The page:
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Security has become a top priority in companies and a huge majority of them expect to see a rise in investments and fund allocations to security-related spending this year, a new study found.

The study’s key findings found compared to the previous years, the numerous security breaches that took place during 2015 had driven the point home in many companies, and many top-level execs have reacted accordingly, according to a study by Absolute Security, which conducted a survey of 501 US IT and security professionals about various topics related to a company’s security practices.

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The survey only included data from professionals at companies that had more than 50 employees and worked in an IT or security role such as IT Director, IT Executive, IT Administrator, ID Manager, or IT Security.

The change in attitude is stems from 97 percent of all respondents said security has become a top priority in their company, and 87 percent even expect to see a rise in investments and fund allocations to security-related spending in 2016.

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Respondents also said security expenses make up 37 percent of their current IT budget, which is a much better number compared to similar studies that came out in 2015, and in studies where security experts didn’t even have a spot on the company’s board, let alone a say in its budget.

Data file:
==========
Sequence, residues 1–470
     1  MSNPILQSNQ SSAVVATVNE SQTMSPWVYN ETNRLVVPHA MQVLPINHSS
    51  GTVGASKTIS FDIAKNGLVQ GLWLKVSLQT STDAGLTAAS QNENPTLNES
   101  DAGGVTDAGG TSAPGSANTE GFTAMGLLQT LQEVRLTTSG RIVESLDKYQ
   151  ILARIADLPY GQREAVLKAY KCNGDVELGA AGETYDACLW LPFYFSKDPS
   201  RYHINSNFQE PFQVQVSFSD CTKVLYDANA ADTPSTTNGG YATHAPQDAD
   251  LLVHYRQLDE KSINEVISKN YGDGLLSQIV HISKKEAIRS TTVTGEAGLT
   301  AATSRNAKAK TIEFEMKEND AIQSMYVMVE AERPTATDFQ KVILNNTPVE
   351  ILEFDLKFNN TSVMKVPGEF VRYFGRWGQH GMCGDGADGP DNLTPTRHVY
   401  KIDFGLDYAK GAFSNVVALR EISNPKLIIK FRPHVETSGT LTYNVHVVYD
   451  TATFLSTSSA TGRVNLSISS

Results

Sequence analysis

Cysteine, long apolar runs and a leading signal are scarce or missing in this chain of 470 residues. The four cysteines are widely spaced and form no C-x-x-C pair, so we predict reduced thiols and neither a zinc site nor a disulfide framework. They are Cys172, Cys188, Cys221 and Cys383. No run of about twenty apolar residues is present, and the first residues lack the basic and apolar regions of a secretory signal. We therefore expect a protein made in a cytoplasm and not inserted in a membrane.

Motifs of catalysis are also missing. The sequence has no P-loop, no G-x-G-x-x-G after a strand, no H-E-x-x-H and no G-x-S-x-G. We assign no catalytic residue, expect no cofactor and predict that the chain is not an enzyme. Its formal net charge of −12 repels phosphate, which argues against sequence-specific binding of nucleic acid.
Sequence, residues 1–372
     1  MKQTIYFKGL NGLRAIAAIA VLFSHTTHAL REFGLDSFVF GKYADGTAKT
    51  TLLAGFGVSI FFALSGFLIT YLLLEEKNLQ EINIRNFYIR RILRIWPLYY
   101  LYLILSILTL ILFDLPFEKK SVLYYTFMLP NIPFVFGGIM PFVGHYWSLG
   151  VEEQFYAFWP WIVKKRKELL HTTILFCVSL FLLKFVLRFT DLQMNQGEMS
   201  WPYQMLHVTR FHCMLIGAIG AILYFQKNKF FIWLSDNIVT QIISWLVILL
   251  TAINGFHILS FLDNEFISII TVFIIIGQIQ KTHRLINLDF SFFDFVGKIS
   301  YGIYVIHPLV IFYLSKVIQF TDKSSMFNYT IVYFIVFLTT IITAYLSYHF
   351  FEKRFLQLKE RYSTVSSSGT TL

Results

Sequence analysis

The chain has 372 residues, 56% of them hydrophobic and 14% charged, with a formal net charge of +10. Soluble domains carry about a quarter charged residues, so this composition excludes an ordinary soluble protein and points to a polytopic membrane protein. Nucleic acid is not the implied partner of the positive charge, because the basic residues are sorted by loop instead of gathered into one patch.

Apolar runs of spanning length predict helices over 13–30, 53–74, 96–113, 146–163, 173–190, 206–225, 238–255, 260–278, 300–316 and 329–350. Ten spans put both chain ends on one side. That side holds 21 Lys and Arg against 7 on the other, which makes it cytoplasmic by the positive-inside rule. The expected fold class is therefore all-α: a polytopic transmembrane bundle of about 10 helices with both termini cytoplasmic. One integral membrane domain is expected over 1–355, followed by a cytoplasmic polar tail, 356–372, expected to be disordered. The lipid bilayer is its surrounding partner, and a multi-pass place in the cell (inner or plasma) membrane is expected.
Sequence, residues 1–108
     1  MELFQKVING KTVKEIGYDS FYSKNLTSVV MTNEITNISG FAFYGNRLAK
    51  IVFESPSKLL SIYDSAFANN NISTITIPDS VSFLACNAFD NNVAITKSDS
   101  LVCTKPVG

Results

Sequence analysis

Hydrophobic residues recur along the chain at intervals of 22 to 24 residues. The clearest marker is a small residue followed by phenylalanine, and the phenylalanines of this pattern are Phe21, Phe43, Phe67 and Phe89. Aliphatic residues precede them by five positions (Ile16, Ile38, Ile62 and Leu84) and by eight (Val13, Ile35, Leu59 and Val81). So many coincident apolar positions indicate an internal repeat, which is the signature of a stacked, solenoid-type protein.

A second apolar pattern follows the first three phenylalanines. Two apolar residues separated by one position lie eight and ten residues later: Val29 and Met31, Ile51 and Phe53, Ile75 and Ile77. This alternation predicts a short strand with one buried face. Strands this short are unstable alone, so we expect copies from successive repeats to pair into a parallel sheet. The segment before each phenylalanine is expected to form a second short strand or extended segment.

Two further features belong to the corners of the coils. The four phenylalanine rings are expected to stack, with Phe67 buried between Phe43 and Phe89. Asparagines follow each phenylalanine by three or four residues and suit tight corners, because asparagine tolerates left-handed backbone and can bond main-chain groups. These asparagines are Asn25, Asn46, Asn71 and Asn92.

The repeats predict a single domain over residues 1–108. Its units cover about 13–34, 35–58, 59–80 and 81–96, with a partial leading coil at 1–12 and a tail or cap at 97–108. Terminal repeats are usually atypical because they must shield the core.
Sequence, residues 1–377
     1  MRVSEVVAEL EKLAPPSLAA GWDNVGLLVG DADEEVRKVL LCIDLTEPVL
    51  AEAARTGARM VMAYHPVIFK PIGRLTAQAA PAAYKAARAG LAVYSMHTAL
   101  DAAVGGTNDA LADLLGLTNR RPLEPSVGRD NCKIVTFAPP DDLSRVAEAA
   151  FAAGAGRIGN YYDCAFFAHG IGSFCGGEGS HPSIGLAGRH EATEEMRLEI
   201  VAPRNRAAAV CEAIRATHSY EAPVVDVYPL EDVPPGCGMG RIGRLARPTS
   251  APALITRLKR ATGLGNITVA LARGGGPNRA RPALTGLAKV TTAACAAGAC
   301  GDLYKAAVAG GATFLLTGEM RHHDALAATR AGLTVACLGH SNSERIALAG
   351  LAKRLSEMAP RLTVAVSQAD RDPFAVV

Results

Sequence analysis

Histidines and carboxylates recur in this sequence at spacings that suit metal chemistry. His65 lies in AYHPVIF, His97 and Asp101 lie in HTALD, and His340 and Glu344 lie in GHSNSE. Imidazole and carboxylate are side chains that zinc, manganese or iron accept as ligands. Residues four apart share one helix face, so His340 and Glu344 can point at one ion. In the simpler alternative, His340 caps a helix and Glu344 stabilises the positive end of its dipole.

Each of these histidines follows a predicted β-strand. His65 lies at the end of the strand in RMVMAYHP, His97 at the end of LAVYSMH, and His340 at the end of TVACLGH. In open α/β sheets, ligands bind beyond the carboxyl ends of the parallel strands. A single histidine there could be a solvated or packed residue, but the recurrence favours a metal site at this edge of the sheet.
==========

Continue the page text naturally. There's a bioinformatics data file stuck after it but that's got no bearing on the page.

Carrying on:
The reason IT professionals are paying more attention to their security budget may also be due the fact 38 percent said they’ve experienced a data breach during 2015, 20 percent don’t have any security breach response plan in place, and 33 percent also noticed security protocols aren’t properly followed in their company.

Asked what their primary security concern is, most companies (46 percent) said they fear their own employees. Respondents also identified third-party hackers in 38 percent of the answers, 11 percent pointed the finger at their competitors while 5 percent at their business partners.

In addition, 45 percent of all IT and security professionals said they knowingly circumvented their own security policies while another 33 percent said they hacked their own or another organization.

Broken down per age groups, the last statistic found 41 percent of IT pros between the age of 18 and 44 have a tendency of hacking their own or another company while 12 percent of IT pros of 45 and older engage in such actions.

Click here to download the report.

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